Blog: 2 September 2020Grasping the doughnut dilemma – how do we stop cities hollowing out?

Andrew Woodrow

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Andrew Woodrow

Planning Associate

Glasgow office

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Our city centres are at risk. The once irresistible draw of high streets, restaurants, pubs and clubs has been substantially reduced. Office occupiers are leaving central districts in droves and house buyers are looking more to the suburbs or the countryside than ever before. To stop the growth of so-called doughnut cities, with their hollowed-out cores, requires imagination and creativity from those who plan and design our towns and cities. We need to stop looking at cities with a macro lens.

Cities have traditionally worked in rings, with a commercial-centred core, then a residential commuter ring before eventually reaching the greenbelt. Though offices will always exist in some form, as workers need physical space to come together and collaborate, the increase in flexible working accelerated by Covid, and changing portfolios will substantially reduce the amount of office space needed in any city. As the centres can no longer be propped up by workplaces and their supporting retail and restaurant units, planners are having to think more broadly about how we entice people back to the middle.

Key to this is identifying where there is growth and opportunity. Glasgow City Council’s ‘City Centre Living Strategy’ aims toward the target that Glasgow’s city centre population will double to 40,000 people in the next fifteen years. These 20,000 extra people will need places to live, work, relax and shop. In the plan, Glasgow City Council identifies the possible stumbling blocks, including the obvious need for more homes in the centre. 

The opportunity in Glasgow lies in the many areas in or near the centre of the city that are poorly or inefficiently utilised. Many of the city’s inner regions are ripe for regeneration, and the office exodus may give even more space to rethink how we look at the city centre. Glasgow has an abundance of central grade A office space – now arguably becoming a saturated market – and reinventing this space as well as those lower grade spaces will be essential to regenerating the centre.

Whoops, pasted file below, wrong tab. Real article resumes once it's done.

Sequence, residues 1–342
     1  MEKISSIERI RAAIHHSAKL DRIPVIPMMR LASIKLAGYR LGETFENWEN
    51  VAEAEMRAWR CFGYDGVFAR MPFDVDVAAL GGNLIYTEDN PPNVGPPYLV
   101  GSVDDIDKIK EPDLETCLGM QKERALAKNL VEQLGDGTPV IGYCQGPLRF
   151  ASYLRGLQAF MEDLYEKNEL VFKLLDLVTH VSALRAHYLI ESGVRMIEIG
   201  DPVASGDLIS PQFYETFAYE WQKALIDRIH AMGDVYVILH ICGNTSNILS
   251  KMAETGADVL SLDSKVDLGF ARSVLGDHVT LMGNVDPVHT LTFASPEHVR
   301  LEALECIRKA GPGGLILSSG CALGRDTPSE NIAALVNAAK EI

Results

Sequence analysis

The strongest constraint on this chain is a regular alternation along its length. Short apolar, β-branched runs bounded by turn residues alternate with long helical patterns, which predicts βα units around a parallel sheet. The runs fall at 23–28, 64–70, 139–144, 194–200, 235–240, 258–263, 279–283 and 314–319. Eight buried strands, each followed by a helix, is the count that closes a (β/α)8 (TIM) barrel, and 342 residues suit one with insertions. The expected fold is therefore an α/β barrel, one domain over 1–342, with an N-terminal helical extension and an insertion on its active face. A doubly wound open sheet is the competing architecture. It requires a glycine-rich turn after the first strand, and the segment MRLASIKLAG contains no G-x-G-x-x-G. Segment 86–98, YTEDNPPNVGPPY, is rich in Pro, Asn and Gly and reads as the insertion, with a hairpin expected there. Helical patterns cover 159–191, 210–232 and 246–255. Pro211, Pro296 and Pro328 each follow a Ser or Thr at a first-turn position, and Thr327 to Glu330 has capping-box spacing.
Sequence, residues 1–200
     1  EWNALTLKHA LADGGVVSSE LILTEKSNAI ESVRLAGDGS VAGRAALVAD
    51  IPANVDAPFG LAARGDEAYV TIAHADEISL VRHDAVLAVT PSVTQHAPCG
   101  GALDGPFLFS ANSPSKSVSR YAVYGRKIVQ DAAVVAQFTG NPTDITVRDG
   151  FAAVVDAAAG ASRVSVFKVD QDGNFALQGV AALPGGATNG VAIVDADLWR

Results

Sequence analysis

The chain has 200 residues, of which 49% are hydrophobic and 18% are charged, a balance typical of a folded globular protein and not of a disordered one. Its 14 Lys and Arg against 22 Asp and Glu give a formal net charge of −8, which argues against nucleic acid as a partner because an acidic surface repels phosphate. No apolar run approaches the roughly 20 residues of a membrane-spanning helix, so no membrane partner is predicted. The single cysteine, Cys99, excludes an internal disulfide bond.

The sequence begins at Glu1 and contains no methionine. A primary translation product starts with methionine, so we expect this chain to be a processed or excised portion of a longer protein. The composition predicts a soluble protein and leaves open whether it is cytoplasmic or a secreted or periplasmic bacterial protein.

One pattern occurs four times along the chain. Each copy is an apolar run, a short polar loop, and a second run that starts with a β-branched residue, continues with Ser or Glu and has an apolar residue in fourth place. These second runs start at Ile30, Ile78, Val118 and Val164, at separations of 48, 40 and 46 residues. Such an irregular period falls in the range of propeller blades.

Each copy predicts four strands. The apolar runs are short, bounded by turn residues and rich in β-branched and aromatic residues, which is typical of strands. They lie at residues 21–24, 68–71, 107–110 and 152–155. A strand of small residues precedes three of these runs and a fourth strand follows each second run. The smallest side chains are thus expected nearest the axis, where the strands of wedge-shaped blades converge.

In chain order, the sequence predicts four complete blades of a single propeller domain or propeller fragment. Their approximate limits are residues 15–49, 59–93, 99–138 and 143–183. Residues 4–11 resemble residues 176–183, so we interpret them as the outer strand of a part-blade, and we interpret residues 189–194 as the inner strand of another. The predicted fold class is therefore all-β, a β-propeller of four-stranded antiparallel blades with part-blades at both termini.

Flexibility, innovation, responsiveness and bravery in decision making are all key to making radical changes. This responsibility falls not only on Local Authorities, but on the developers and key stakeholders alike. To grasp the opportunity there needs to be a collaborative and progressive approach.

Build-to-rent and student accommodation are two styles of residential housing that are still very attractive to investors, which means these can form the backbone of such regenerations. But we must look further, to a new and more attractive ‘city lifestyle’ to bring people back to the centre and to strengthen both the day and night-time economies.

Rather than over-relying on retail and associated uses within the city core, we need to look at delivering a true blend of uses in every small section of cities like Glasgow, with residential use having a big part to play in this. Inner city parks and green streets to provide outdoor space, with new restaurants and leisure occupiers sitting nestled between university accommodation and private housing. Offices, too, should remain a major part of the mix, with flexible, modern living allowing for vibrant communities that can live, work, shop and relax within their small districts of the city centre – diverse mosaic cities replacing the rings of the past.

The proximity of every part of each community will also reduce the requirement to drive and to park – accelerating the trend already advocated by Glasgow City Council for new developments to have zero per cent parking in the more accessible locations. Other lifestyle factors must also be provided – with amenities such as good public transport and super-fast broadband cementing the ease of living.  If all of this can be achieved, then these new inner-city communities will help our city centres flourish for years to come. The simple truth is that people want to be where other people are. If we plan and build green, clean, convenient, vibrant, liveable city centres – then they will come.

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Retail, Town Centres, Build to Rent, Student Accommodation, Communities